Express Scripts, the largest pharmacy benefits manager in the U.S., has struck a deal with a Bay Area start-up to better treat patients with chronic respiratory problems.
The start-up, called Propeller Health, has an FDA-approved set of apps and tools for people with asthma and chronic obstructive pulmonary disease, or COPD, such as a connected inhalers that are synced up to a user’s smartphone.
The idea behind the program is to help patients avoid over-using their so-called “rescue inhalers,” which could worsen symptoms over time, and to make sure they don’t neglect their controller medications that can be taken at anytime to prevent flare-ups. Essentially, it’s about saving money by helping patients prevent bad and expensive outcomes, like trips to the emergency room.
Propeller also provides insight into other factors that might make symptoms worse for people with these conditions, like weather changes. And as part of the deal, Express Scripts has said it will provide dedicated pharmacists to support patients by reviewing the data and providing real-time feedback.
The companies plan to launch the service to patients enrolled in Express Scripts’ Pulmonary Care Value Program in early 2018.
The goal is to make a dent in the estimated $1.3 billion annual cost of treating asthma and COPD, said Express Scripts’ chief innovation officer Glen Stettin.
It’s unclear how many patients will sign up to the program, he said, but about 5 million are eligible — and about 12 to 15 percent of those are likely afflicted with one of these conditions. So it could be as many as 750,000 people.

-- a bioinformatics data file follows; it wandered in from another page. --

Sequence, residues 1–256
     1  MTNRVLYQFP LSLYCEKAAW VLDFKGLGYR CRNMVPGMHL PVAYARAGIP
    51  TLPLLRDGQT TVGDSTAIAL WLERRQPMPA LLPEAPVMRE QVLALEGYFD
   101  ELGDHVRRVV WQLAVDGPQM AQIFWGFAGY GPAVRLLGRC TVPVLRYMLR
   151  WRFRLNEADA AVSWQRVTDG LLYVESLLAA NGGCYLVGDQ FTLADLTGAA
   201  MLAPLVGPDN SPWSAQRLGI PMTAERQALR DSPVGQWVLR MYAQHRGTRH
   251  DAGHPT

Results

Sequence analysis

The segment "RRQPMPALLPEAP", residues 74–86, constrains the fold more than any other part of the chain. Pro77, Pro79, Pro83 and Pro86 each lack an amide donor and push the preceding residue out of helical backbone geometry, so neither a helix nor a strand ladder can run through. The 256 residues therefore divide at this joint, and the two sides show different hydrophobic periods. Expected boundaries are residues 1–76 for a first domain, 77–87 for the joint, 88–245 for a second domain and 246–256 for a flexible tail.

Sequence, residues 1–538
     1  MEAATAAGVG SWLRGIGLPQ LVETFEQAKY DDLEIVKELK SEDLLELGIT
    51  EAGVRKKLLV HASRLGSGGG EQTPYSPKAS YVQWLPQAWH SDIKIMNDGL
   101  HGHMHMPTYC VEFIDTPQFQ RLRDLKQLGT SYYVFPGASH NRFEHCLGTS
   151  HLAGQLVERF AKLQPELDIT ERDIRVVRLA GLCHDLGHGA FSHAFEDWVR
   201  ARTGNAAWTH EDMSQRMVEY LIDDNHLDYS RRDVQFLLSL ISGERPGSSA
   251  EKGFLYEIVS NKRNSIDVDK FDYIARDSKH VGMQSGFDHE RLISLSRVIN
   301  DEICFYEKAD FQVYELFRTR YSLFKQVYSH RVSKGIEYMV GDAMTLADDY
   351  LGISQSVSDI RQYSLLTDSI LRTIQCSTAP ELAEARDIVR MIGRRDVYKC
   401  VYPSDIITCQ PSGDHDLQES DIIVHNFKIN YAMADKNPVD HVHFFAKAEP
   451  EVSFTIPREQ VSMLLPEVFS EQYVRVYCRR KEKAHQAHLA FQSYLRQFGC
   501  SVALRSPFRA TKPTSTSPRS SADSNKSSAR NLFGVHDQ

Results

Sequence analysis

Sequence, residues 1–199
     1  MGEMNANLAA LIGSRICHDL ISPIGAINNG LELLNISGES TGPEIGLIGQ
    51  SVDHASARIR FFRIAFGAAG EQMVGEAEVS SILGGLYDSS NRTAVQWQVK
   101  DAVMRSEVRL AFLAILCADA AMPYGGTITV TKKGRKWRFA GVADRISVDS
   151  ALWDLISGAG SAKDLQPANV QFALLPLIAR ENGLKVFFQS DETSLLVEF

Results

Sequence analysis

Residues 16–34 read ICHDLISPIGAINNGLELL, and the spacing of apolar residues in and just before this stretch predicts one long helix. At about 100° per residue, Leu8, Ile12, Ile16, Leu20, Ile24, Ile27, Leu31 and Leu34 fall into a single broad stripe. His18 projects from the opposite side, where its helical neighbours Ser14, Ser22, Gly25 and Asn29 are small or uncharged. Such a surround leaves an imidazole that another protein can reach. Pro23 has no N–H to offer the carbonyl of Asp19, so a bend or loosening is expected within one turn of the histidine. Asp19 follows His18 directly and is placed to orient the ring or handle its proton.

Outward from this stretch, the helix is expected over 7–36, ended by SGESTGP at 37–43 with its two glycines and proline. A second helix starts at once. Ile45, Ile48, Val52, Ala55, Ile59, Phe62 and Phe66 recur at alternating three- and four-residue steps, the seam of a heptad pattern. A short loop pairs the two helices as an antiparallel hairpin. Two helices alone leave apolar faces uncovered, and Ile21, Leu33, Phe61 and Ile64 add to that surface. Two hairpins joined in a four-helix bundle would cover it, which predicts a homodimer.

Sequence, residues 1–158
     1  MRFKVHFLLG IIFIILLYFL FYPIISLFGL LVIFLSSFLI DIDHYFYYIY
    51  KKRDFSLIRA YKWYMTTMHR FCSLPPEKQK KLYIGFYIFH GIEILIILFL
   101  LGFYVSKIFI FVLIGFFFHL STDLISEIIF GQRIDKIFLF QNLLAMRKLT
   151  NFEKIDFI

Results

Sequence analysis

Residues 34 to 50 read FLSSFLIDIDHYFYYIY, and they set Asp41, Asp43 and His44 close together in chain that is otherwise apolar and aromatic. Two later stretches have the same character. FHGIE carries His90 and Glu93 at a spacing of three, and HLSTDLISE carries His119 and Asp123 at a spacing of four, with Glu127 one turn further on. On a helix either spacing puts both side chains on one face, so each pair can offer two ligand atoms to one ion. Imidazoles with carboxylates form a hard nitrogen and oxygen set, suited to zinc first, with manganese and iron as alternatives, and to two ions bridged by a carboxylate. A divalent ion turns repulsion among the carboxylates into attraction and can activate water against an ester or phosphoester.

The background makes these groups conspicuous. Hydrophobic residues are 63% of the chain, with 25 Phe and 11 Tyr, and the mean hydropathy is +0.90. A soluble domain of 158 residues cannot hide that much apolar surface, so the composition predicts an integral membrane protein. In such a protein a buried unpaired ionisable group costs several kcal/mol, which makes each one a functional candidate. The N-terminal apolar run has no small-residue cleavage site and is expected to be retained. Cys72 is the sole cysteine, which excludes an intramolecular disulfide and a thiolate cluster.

This partnershipcomes at a time when many suspect that Amazon will someday compete with Express Scripts and other pharmacy benefits managers, as it moves into the multibillion dollar pharmacy market. Express Scripts sits between payers, like employers, and the rest of the health system, and will negotiate prices with drug manufactures.
Some believe that Amazon can undercut this set of companies, automate processes and ultimately bring down drug prices.
But Express Scripts, which currently counts Amazon as a customer, said the timing is purely coincidental. “Considering that we’ve been working on this for the past three years, I wouldn’t say it’s related to any recent news events,” said Stettin.
Express Scripts CEO Tim Wentworth has also stressed that becoming a pharmacy benefits manager is “a lot more than dispensing drugs,” and therefore, it has a strong position in the market.
Both companies declined to share the financial terms of the deal. But they did say that Express Scripts will pay Propeller as patients start to use its offering, rather than the insurers themselves.
The partnership is part of a broader trend of insurance companies, employers and pharmacy benefits managers looking for ways to reduce health costs by leveraging digital tools from Silicon Valley companies, like apps and sensors. Propeller is one of a small group of start-ups that refer to themselves as “digital therapeutics,” meaning they use technology to augment or replace traditional medicines.
“Through this partnership we’re getting to a size and scale we haven’t before,” said Propeller Health CEO David Van Sickle.